A solution is a homogeneous mixture of two (or more) substances, the composition of
which may vary between certain limits. A solution consisting of two components is called binary solution. The component which is present in large quantity is called solvent and the component which is small in quantity is called solute. If both components are in same physical state.
Type of Solutions:
All the three states of matter (gas, liquid or solid) may behave either as solvent or solute. Depending on the state of solute or solvent, mainly there may be the following seven types of binary solutions.
S.No.  Solute  Solvent  Example 
1  Gas  Gas  Air 
2  Gas  Liquid  Aerated water (CO_{2} + H_{2}O) 
3  Gas  Solid  Hydrogen in palladium 
4  Liquid  Liquid  Alcohol in water, benzene in toluene 
5  Liquid  Solid  Mercury in zinc amalgam 
6  Liquid  Gas  CO_{2} dissolved in water 
7  Solid  Liquid  Sugar in water, common salt in water 
8  Solid  Gas  Smoke 
9  Solid  Solid  Various alloys 
VAPOUR PRESSURE
RAOULT'S LAW
“The partial vapour pressure of any component in the solution is directly proportional to its mole fraction”.
For a binary solution of two components A and B,
P_{A } = P^{°}_{A }X_{A}
P_{B} = P^{°}_{B }X_{B}
Where,
Limitations of Raoult’s Law:
Raoult’s Law in Combination with Dalton’s Law of Partial Pressure:
P_{T} = X_{A} P^{0}_{A} + X_{B} P^{0}_{B} = P^{0}_{B} + (P^{0}_{A }P^{0}_{B}) X_{A}
Where
P_{T} = Total Vapour Pressure of the Solution.
IDEAL AND NONIDEAL SOLUTIONS
Ideal Solutions:
An ideal solution is the solution in which each component obeys Raoult’s law under all conditions of temperatures and concentrations.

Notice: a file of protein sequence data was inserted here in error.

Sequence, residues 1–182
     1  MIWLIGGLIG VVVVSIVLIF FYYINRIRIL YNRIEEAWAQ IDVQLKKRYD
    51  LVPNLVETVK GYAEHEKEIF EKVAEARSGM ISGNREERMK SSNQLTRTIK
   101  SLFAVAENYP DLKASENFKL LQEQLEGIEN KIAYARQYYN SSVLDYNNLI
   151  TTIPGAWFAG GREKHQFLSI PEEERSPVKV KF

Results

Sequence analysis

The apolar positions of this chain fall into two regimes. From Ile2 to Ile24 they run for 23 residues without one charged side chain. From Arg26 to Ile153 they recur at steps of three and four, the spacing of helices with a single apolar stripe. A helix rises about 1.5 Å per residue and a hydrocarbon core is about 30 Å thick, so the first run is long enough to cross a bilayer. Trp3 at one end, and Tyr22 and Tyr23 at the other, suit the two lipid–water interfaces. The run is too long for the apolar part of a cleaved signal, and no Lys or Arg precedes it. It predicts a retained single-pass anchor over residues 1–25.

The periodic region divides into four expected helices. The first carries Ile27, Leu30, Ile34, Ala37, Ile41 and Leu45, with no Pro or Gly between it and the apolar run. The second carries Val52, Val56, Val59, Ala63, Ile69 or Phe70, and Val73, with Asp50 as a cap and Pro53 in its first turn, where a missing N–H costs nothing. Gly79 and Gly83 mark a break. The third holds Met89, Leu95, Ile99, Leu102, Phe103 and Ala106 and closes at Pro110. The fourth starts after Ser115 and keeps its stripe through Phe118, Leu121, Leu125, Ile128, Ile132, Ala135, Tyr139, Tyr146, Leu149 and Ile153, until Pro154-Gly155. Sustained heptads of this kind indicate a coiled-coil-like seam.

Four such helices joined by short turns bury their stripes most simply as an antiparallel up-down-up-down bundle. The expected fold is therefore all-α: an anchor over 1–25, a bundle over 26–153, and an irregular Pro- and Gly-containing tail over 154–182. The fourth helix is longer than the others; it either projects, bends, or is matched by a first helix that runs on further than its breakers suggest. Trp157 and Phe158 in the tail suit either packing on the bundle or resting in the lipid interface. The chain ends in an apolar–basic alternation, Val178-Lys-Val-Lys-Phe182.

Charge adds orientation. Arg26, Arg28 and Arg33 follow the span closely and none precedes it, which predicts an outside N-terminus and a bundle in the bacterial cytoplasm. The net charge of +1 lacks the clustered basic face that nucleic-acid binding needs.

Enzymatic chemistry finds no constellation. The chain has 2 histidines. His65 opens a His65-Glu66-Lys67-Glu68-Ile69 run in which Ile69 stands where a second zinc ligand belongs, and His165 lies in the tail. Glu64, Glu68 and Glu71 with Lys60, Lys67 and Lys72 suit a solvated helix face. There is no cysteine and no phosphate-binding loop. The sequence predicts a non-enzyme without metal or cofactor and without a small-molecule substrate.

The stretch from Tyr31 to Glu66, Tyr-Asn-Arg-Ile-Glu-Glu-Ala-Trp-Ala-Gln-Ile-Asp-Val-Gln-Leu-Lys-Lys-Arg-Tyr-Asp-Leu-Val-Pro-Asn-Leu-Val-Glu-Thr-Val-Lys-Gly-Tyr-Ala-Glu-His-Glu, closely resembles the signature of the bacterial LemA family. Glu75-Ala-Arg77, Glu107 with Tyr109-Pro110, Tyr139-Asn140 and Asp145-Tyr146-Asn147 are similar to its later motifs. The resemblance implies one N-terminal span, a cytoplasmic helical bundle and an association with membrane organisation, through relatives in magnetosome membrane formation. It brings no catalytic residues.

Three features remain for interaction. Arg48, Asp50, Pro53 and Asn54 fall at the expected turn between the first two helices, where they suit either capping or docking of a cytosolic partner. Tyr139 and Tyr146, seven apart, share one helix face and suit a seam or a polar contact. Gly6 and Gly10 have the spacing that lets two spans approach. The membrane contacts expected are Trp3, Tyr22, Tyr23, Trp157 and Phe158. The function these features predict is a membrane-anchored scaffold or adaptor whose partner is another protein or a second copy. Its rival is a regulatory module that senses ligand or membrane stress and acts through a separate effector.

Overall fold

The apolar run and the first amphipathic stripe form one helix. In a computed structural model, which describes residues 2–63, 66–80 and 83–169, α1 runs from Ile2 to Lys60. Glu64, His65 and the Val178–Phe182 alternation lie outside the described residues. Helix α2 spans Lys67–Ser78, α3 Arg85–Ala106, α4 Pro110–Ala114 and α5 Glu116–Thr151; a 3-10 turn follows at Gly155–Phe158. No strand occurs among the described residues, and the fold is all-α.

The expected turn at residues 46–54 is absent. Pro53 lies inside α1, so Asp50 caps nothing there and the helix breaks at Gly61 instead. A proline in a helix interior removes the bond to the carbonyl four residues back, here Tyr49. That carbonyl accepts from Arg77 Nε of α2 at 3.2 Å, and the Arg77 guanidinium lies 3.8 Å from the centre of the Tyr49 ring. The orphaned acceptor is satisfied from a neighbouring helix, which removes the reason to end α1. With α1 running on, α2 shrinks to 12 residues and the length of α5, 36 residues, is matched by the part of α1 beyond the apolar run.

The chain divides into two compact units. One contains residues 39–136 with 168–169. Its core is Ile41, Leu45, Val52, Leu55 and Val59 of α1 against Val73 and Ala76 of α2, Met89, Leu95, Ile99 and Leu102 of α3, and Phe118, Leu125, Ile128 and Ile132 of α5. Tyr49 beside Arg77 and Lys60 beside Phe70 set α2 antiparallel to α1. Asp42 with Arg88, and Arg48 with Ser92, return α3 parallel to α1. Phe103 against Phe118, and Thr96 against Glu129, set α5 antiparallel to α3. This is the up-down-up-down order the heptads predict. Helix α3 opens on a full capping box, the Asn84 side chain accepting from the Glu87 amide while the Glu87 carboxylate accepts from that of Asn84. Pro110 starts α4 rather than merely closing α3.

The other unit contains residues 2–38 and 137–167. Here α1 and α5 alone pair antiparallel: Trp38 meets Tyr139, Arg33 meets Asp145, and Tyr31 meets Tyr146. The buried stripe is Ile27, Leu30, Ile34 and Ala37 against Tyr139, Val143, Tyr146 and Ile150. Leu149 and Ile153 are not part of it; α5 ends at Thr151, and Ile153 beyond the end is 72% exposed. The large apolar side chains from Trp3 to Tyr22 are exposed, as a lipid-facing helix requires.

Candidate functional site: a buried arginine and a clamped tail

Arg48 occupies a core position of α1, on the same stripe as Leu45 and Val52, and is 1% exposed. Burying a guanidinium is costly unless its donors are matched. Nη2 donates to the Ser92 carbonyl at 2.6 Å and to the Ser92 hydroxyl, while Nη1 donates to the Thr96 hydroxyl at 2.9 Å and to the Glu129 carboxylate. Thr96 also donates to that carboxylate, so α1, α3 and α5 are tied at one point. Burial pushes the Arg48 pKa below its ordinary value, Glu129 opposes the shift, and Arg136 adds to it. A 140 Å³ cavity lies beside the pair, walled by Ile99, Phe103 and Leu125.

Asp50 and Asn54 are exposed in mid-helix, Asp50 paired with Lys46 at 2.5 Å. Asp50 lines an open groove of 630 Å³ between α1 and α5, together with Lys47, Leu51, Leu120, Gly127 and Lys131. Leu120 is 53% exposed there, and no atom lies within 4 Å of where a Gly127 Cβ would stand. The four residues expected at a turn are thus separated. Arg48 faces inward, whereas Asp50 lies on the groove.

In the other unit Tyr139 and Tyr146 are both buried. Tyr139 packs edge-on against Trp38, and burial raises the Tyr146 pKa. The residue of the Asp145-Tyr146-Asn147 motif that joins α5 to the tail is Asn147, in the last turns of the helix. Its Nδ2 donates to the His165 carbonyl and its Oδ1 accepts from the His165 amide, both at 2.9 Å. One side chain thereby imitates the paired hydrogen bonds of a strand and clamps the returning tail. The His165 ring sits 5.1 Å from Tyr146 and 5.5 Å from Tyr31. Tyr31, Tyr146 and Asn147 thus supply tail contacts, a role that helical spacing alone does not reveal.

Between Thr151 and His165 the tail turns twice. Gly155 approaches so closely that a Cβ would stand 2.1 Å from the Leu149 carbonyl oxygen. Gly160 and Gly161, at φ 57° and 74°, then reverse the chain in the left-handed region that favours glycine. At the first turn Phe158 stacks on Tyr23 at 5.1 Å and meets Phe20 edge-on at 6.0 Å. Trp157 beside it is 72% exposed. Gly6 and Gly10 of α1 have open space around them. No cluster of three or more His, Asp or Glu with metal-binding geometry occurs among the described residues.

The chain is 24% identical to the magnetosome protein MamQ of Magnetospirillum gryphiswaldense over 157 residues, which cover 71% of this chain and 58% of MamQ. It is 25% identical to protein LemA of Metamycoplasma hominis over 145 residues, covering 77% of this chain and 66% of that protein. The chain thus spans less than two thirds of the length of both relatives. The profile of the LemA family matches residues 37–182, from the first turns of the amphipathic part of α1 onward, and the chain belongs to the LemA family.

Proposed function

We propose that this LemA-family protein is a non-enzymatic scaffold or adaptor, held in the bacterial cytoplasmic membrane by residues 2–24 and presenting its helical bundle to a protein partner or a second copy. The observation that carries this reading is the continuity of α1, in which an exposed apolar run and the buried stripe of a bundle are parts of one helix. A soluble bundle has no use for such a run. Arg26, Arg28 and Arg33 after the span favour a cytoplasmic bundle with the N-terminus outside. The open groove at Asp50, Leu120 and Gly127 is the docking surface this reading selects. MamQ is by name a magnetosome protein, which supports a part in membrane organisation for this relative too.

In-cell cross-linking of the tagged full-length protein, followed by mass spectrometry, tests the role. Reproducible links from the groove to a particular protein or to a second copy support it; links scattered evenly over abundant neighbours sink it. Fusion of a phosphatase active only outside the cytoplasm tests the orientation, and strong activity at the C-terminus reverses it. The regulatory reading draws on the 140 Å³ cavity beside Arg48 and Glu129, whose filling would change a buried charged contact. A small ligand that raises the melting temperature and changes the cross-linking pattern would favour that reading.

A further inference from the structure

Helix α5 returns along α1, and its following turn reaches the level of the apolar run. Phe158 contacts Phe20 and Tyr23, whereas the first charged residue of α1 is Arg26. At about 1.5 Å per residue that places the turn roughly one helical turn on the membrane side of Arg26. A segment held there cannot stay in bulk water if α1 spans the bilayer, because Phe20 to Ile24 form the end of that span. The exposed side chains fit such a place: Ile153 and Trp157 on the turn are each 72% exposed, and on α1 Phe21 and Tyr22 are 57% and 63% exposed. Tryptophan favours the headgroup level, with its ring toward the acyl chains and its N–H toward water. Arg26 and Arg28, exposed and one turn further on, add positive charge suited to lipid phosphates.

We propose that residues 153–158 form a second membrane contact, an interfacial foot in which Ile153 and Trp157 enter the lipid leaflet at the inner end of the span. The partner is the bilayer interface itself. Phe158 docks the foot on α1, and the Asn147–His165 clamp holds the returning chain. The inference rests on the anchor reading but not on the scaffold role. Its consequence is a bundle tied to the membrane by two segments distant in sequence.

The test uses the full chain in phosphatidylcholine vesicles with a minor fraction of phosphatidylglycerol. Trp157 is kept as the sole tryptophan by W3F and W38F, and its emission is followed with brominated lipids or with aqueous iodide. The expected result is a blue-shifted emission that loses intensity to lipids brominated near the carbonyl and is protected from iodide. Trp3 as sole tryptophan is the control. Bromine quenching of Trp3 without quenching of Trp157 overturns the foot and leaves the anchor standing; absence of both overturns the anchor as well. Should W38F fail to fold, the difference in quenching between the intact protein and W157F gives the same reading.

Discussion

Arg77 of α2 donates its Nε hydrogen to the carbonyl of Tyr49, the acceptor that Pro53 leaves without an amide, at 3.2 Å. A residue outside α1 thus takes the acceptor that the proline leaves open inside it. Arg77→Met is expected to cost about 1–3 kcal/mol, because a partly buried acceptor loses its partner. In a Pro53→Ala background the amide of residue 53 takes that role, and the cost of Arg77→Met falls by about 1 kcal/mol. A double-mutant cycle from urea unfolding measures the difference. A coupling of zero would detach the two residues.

Properties of Ideal solutions:
(i) ΔH_{mixing} = 0, i.e. no heat should be absorbed or evolved during mixing
(ii) ΔV_{mixing} = 0, i.e. no expansion or contraction on mixing
(iii) Intermolecular attractive forces between the AA and BB are nearly equal to those between AB.
Examples: Ethyl chloride and Ethyl bromide, n–hexane and n–heptane , CCl_{4 }and SiCl_{4}
NonIdeal Solutions:
When a solution does not obey Raoult’s law over the entire range of concentration, then it is called nonideal solution.
For non ideal solutions,
(i) ΔH_{mixing } ≠ 0
(ii) ΔV_{mixing} ≠ 0
Here we may have two cases
1. Positive Deviation:
(i) SolventSolute(AB) type of force is weaker than SoluteSolute(BB) & SolventSolvent(AA) forces.
(ii) The vapour pressure is higher than predicted by the law.
(iii) ΔH_{mixing} > 0
(iv) ΔV_{mixing} > 0
Examples: Ethanol and Acetone, Carbon disulphide and Acetone
2. Negative Deviation:
(i) SolventSolute(AB) type of force is stronger than the other two.
(ii) The vapour pressure is lower than predicted by the law.
(iii) ΔH_{mix} < 0
(iv) ΔV_{mix } < 0
Examples: Phenol and Aniline, Chloroform and Acetone
etc
COLLIGATIVE PROPERTIES
The properties of dilute solutions which depend only on number particles of solute present in the solution and not on their identity are called colligative properties (denoting depending upon collection).
Lowering of Vapour Pressure by a NonVolatile Solute